We have many problems, and few solutions on the table. Political leaders instead are scrambling to ask as little of us as possible, or to provide an election-year present instead of a plan to properly fund the essential functions of government like education and transportation so critical to our state’s future
Where are the leaders history will remember?
Lloyd Gray is executive editor of the Daily Journal. Contact him at (662) 678-1579 or firstname.lastname@example.org.
Tomorrow it will have been three months. No doubt it seems longer for the people whose lives and surroundings were turned upside down by the April 28 tornado.
It has been long enough to get past the initial numbing shock, but the difficult work of full recovery won’t be finished for a long time to come, years in some cases.
The waves of volunteers, which reached an incredible climax with the thousands brought by Eight Days of Hope, will begin to subside. The encouragement that comes with seeing immediate progress in debris removal and general cleanup will no longer be evident. The hard work of restoration and rebuilding will have to be done without the initial post-storm surge of adrenaline, and it will be emotionally trying for many, but it will surely get done.
What will be most challenging is sustaining the effort to ensure that the way the recovery proceeds is best for the people and neighborhoods affected and the city and county as a whole. So much rides on doing it right.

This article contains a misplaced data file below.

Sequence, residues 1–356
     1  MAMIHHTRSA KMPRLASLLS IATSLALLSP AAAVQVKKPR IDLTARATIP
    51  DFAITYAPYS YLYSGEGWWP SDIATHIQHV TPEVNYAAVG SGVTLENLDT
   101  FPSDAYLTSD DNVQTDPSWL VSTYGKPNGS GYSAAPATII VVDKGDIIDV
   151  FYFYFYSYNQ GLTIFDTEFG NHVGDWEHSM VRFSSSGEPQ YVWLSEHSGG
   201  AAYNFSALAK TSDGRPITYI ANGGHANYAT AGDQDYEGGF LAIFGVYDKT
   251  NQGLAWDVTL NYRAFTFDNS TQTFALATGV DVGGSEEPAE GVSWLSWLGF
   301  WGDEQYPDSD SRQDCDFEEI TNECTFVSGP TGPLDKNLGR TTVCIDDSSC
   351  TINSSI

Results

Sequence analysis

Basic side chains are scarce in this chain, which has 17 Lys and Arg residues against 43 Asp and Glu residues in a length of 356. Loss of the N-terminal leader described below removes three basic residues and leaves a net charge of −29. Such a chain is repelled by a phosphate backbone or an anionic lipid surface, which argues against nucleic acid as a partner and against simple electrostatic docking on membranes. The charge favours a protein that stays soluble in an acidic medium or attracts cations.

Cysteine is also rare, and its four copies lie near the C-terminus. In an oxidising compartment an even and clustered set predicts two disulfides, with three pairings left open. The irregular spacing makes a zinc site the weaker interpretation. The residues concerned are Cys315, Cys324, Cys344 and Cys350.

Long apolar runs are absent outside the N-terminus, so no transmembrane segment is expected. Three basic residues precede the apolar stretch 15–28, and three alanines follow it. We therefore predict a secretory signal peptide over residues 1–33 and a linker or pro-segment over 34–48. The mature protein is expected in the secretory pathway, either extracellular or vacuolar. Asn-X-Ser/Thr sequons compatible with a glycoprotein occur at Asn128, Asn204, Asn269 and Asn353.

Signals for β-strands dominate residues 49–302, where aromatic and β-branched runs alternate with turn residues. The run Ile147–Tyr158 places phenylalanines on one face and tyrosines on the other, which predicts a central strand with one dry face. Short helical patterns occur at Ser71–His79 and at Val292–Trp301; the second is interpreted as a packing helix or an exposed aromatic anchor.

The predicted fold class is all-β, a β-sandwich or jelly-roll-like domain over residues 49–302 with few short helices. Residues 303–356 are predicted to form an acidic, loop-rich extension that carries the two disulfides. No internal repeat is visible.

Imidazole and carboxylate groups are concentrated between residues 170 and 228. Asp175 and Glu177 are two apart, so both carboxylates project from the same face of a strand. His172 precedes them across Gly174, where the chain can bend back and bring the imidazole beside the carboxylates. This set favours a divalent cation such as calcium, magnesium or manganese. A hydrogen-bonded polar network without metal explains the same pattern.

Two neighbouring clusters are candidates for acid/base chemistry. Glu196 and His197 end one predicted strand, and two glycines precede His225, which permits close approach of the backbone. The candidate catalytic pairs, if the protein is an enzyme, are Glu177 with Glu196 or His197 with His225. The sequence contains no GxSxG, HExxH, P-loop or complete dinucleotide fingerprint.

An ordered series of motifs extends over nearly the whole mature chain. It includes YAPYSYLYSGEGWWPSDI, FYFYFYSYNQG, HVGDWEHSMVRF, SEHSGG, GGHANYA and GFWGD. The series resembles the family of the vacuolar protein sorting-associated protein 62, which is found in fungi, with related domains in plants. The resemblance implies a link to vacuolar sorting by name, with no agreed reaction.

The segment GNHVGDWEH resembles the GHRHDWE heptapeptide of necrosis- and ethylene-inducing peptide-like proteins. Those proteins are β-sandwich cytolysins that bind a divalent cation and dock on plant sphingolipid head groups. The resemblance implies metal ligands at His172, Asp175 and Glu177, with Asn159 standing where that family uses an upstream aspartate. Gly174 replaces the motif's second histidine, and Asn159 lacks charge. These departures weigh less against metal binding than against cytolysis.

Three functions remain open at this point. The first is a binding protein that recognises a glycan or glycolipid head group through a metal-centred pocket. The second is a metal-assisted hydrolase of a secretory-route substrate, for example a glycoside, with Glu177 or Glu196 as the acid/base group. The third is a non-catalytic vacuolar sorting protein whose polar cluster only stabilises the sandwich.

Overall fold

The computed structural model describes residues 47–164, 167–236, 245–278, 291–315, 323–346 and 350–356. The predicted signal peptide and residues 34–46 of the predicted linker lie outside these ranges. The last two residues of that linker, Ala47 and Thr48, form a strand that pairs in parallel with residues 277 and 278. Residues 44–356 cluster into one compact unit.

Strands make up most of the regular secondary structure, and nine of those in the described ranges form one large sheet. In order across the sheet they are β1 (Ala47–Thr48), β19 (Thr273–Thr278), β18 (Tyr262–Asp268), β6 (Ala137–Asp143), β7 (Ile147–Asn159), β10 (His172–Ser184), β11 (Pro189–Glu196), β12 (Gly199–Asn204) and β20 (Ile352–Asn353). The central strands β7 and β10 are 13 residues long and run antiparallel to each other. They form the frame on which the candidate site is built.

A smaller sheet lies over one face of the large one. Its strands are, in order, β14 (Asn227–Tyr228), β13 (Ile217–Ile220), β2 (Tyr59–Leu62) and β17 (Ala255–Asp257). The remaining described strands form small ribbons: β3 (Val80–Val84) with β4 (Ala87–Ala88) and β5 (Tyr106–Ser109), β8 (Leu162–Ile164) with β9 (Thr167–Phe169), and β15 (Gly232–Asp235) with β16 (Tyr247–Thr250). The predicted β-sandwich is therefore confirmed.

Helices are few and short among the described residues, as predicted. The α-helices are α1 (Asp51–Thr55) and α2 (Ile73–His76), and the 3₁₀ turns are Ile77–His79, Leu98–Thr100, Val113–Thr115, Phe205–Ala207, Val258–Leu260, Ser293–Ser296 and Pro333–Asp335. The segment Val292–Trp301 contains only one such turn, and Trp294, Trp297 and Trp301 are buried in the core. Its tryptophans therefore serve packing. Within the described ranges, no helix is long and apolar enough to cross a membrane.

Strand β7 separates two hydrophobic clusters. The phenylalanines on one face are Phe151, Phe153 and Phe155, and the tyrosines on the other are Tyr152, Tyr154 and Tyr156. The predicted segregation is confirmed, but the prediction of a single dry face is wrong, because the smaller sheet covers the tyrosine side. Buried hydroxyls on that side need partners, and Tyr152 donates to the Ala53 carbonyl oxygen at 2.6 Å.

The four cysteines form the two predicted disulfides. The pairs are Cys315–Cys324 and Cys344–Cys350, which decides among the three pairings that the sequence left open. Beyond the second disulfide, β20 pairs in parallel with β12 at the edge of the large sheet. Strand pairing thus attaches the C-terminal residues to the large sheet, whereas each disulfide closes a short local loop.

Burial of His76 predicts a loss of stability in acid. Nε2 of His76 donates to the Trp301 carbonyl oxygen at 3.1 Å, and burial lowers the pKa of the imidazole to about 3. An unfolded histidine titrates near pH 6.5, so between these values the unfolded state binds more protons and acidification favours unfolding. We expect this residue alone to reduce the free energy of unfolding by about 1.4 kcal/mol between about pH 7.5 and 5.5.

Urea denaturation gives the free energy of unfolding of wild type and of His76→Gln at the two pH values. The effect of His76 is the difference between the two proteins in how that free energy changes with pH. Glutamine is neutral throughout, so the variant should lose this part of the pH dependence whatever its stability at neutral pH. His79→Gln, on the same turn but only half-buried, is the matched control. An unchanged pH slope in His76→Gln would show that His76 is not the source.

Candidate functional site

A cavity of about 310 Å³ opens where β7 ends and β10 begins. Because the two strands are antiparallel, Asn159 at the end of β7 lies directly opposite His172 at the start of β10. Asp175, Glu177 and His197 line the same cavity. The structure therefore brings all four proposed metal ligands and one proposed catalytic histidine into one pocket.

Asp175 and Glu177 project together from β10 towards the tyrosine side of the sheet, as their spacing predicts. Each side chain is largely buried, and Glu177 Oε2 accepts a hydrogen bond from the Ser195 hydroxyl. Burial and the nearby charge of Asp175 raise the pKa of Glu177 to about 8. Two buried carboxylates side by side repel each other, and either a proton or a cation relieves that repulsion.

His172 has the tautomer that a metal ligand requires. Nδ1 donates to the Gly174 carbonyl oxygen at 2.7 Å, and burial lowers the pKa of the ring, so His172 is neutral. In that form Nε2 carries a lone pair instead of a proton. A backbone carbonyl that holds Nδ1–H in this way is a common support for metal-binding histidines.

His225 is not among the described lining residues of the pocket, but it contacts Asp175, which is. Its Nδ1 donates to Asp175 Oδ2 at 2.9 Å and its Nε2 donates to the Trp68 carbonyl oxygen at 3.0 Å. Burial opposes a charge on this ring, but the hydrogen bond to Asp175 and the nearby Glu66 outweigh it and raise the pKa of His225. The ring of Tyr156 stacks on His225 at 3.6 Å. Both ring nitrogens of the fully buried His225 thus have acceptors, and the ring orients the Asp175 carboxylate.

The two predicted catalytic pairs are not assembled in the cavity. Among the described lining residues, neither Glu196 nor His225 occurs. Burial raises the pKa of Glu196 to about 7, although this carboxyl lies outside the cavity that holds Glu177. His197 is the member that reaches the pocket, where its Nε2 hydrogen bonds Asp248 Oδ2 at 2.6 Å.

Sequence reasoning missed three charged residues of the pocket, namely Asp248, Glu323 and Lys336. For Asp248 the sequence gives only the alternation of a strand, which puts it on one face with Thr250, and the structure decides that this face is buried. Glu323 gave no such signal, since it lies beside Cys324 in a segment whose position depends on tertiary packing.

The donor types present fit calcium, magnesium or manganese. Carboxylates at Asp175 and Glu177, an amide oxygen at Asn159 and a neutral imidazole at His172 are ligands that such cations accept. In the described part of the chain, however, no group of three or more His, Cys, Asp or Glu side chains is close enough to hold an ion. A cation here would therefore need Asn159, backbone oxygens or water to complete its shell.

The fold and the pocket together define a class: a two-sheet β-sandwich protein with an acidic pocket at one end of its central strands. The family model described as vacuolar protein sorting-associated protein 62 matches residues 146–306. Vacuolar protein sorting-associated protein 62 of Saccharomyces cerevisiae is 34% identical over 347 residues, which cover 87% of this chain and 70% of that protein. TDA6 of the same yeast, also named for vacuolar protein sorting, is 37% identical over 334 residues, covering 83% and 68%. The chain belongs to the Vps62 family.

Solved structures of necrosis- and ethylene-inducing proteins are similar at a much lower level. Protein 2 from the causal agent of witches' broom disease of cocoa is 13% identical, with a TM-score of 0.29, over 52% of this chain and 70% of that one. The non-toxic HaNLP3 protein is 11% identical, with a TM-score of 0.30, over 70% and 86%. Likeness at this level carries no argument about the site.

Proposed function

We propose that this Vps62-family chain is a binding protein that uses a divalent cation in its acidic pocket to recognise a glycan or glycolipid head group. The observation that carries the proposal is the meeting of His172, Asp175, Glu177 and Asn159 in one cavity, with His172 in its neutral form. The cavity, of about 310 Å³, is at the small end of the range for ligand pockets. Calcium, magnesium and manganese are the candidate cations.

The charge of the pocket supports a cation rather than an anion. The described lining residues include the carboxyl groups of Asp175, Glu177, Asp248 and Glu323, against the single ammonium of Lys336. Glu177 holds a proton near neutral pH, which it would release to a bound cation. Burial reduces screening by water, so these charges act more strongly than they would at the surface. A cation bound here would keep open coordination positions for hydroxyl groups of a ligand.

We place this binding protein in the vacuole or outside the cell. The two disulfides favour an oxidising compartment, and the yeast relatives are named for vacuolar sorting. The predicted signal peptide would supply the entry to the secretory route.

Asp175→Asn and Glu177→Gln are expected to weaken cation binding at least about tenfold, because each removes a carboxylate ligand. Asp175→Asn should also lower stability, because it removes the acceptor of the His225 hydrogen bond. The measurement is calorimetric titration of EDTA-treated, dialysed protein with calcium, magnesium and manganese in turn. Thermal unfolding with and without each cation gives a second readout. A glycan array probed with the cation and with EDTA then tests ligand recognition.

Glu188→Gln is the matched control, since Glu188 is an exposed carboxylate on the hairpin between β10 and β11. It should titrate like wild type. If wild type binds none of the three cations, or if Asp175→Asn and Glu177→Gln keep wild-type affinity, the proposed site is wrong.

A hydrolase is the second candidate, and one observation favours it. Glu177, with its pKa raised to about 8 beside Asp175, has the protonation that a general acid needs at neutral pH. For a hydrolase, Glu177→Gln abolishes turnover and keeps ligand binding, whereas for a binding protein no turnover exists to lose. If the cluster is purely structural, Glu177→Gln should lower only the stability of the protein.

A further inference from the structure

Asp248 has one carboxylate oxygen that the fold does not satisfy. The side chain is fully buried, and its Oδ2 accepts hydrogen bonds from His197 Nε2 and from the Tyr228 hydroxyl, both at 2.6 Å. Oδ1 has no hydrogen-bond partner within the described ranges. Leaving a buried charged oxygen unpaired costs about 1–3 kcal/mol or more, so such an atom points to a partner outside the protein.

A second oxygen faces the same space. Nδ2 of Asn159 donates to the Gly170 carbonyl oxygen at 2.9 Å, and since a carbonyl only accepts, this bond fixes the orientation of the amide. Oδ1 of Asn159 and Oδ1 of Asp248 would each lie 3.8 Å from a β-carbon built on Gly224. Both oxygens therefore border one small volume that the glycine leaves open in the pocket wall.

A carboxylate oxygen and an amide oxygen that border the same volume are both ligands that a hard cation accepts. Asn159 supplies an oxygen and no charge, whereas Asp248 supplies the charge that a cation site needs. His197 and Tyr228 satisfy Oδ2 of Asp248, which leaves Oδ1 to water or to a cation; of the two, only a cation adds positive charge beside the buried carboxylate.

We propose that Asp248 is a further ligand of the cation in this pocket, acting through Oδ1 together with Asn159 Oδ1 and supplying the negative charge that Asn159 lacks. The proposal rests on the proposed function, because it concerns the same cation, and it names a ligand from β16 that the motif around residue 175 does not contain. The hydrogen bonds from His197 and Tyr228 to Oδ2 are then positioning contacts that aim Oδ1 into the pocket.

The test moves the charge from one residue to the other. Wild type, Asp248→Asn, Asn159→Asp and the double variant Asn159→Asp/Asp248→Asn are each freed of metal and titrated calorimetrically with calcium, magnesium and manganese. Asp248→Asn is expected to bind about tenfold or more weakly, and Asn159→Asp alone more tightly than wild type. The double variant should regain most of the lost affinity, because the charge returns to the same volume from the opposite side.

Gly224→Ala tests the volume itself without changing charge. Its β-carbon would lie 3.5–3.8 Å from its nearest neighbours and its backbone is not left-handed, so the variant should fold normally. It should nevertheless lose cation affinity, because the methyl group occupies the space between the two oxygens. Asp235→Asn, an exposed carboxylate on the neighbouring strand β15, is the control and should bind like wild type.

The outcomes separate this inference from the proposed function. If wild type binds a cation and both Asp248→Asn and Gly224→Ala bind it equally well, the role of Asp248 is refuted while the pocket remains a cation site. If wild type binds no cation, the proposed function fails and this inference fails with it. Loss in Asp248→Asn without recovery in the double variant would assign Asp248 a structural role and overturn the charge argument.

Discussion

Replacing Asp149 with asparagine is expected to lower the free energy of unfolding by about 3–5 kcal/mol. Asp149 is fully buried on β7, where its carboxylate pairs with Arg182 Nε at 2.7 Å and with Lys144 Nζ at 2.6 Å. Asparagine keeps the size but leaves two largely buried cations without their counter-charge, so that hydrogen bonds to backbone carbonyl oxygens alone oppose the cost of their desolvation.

In Tupelo, neighborhood associations in the hardest hit areas have stepped up. They’re working to ensure that repaired and rebuilt homes stay true to the neighborhoods’ character, keeping the disaster from destabilizing what have been some of the city’s most stable neighborhoods. With other older neighborhoods struggling, it’s vital that Tupelo keep Joyner, Bristow Acres, Sharon Hills and the Rogers Drive/Bel Air areas strong.
The effort outside the city limits in Lee County provides an obvious impetus for the Board of Supervisors to adopt a building code. State Insurance Commissioner Mike Chaney recently noted from his office’s inspection that considerably more wind damage occurred to homes outside Tupelo, which has a building code, than to those inside the city. While there were certainly exceptions, the bulk of damage to homes in the city, Chaney said, was from falling trees.
Of course there was quite a bit of wind damage along the North Gloster business corridor, which remains the most starkly visible evidence of the storm’s impact, given that it is along a major city thoroughfare. Some rebuilding has started, and a few business remnants have been removed, but some damaged or virtually destroyed structures remain largely untouched.
The city will get a psychological lift when North Gloster is more abuzz with rebuilding, but it’s important there, as in the residential neighborhoods, to think hard about how that happens. The opportunity exists to make it better, more cohesive, more attractive than before – and therefore more valuable to businesses and the community alike.